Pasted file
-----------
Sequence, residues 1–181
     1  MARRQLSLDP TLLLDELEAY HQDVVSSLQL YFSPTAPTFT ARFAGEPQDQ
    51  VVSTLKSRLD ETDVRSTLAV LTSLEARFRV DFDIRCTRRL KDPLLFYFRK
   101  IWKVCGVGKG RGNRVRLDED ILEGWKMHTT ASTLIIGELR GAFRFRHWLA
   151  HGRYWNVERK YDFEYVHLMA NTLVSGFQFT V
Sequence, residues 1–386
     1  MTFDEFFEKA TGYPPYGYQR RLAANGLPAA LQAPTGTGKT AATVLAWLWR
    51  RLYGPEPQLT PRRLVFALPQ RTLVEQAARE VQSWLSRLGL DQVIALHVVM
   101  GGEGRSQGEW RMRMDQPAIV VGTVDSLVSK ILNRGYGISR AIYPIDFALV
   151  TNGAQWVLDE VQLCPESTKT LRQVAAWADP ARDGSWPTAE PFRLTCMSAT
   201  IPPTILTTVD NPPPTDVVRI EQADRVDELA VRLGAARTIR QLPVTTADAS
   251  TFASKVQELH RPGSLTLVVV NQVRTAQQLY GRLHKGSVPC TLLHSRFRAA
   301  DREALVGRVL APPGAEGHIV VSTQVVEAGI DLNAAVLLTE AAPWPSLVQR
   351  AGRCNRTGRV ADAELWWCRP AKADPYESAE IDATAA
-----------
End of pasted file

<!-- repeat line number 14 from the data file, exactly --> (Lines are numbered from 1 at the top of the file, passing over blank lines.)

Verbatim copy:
   351  AGRCNRTGRV ADAELWWCRP AKADPYESAE IDATAA